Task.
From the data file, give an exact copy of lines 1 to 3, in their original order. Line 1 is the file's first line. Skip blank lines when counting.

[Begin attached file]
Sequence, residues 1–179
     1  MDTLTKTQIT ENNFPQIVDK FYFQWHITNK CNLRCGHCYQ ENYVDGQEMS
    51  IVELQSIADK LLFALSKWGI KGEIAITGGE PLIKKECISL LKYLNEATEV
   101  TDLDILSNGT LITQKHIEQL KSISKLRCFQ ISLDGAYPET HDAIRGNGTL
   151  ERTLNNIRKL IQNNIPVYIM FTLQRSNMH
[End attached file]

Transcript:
Sequence, residues 1–179
     1  MDTLTKTQIT ENNFPQIVDK FYFQWHITNK CNLRCGHCYQ ENYVDGQEMS
    51  IVELQSIADK LLFALSKWGI KGEIAITGGE PLIKKECISL LKYLNEATEV